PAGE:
The relative weight of each of the learning evidences or exams is specified below:

  • Evidence of learning 1: 30% (Unit 1 and 2, class 1 to 3).
  • Evidence of learning 2: 30% (evaluation of all the contents of Unit 1, 2, 3, 4 and classes 7-8 of part 5. All classes 1 to 8).
  • Evidence of learning 3: 40% (Oral group presentation: final oral presentation of a project prepared throughout the course.

Characteristics of the Final course project: ·

- Groups of 3 to 4 students.

- Presentation (10’ group talk + 10’ individual questions).

- Each group must select, investigate and present a specific mental disorder focusing on the main alterations observed in neurotransmitter or neuromodulator systems. Disorders must be selected from the following DSM-5 list (Diagnostic and Statistical Manual of Mental Health Disorders, fifth edition):  

  • Schizophrenia
  • Bipolar and Related Disorders.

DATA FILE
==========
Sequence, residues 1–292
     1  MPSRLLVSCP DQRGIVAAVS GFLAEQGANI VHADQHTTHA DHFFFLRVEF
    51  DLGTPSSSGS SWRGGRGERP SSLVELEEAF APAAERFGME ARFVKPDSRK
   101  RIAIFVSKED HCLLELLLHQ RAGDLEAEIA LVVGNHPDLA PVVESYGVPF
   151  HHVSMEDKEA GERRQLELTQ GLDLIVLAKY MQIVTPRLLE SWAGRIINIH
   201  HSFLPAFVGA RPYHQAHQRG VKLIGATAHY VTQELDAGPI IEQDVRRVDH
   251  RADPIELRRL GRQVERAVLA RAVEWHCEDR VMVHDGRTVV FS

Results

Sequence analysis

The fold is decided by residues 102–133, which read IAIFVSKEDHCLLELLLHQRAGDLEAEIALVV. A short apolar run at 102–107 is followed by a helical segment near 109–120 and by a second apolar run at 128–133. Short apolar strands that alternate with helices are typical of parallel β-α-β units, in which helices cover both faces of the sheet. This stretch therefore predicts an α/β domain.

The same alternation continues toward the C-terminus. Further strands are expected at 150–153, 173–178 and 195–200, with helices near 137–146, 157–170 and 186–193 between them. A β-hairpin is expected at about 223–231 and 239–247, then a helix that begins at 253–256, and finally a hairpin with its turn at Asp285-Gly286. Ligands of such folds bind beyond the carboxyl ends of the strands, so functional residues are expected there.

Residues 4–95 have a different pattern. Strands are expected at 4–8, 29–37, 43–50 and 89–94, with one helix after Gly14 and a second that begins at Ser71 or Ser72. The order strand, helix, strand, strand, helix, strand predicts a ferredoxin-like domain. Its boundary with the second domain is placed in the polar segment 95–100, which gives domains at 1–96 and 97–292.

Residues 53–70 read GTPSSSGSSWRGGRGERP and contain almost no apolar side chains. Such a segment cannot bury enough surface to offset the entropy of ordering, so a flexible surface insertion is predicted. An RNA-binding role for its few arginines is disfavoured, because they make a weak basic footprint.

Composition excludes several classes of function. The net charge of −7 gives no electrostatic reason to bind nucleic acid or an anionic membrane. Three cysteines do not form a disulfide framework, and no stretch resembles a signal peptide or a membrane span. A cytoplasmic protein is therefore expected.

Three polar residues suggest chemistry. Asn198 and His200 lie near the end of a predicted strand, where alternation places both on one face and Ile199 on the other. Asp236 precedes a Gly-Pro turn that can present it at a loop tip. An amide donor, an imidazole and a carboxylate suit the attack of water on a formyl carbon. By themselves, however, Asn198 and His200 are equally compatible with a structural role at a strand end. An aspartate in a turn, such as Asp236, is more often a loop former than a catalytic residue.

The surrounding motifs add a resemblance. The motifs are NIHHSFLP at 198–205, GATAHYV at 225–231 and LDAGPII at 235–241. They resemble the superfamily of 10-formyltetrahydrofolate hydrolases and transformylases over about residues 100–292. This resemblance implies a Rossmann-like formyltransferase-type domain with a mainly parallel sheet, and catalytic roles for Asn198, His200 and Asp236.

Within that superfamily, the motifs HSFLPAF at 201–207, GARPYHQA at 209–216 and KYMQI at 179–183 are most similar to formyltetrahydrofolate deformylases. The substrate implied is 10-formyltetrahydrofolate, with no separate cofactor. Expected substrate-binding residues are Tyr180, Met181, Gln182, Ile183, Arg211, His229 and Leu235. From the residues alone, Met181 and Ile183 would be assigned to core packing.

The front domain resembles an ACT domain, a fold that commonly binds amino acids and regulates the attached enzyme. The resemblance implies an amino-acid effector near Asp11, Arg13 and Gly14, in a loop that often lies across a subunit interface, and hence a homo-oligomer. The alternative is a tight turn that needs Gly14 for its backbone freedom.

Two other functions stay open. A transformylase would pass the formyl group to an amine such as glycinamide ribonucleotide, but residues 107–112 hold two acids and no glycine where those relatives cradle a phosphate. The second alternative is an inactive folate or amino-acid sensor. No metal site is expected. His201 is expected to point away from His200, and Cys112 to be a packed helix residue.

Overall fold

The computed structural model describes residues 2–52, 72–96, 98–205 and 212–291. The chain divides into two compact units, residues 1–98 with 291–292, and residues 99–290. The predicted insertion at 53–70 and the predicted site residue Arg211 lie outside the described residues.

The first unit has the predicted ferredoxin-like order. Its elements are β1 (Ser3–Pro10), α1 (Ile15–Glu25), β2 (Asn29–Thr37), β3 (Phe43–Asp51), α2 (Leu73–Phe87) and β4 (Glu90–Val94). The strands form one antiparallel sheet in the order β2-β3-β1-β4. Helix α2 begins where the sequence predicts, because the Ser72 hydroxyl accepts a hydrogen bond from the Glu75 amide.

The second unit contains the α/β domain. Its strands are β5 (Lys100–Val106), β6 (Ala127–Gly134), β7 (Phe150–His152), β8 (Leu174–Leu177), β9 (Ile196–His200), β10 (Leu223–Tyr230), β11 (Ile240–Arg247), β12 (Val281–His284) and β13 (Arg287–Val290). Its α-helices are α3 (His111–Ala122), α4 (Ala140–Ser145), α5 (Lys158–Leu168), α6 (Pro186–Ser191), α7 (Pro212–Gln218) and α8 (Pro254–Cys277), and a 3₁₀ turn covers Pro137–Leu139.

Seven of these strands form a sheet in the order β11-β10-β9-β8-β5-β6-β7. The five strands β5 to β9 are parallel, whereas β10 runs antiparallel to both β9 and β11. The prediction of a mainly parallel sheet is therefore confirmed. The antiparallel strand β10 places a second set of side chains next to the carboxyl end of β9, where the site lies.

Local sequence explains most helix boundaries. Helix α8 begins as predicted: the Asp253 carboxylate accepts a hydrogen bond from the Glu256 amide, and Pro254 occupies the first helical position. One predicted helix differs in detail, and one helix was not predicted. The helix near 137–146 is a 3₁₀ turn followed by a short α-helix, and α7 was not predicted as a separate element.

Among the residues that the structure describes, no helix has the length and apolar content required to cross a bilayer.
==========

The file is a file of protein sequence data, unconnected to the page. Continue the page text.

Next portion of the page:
• Depressive Disorders.
  • Anxiety Disorders.
  • Obsessive-Compulsive and Related Disorders.
  • Trauma- and Stressor-Related Disorders.
  • Feeding and Eating Disorders.
  • Substance-Related and Addictive Disorders.
  • Other disorders.

The grades will span from 0 to 10. To pass the course it is necessary to obtain more than 5 points. There is no possibility to re-evaluate.

Class attendance must be at least 80%. 

 

Links and references

  • American Psychiatric Association. (2013). Diagnostic and statistical manual of mental disorders, DSM-5. (5th ed.). Washington, DC:
  • Carlson NR. (2013) Physiology of Behavior, 11th Edition. Pearson.
  • Martín-García E; Robledo P; Gutiérrez-Cuesta J; Maldonado R. Substance Abuse and Dependence (Chapter 8). In vivo models for Drug Discovery. pp. 169 - 192. (Germany): Wiley, 2014. ISBN 9783527333288.
  • Stahl, S. M. Stahl's essential psychopharmacology: neuroscientific basis and practical applications. - 3rd ed. Cambridge University Press. 2008. ISBN 978-0-521-67376-1.
  • Andero R, Choi DC, Ressler KJ. BDNF-TrkB receptor regulation of distributed adult neural plasticity, memory formation, and psychiatric disorders. Prog Mol Biol Transl Sci. 2014;122:169-92.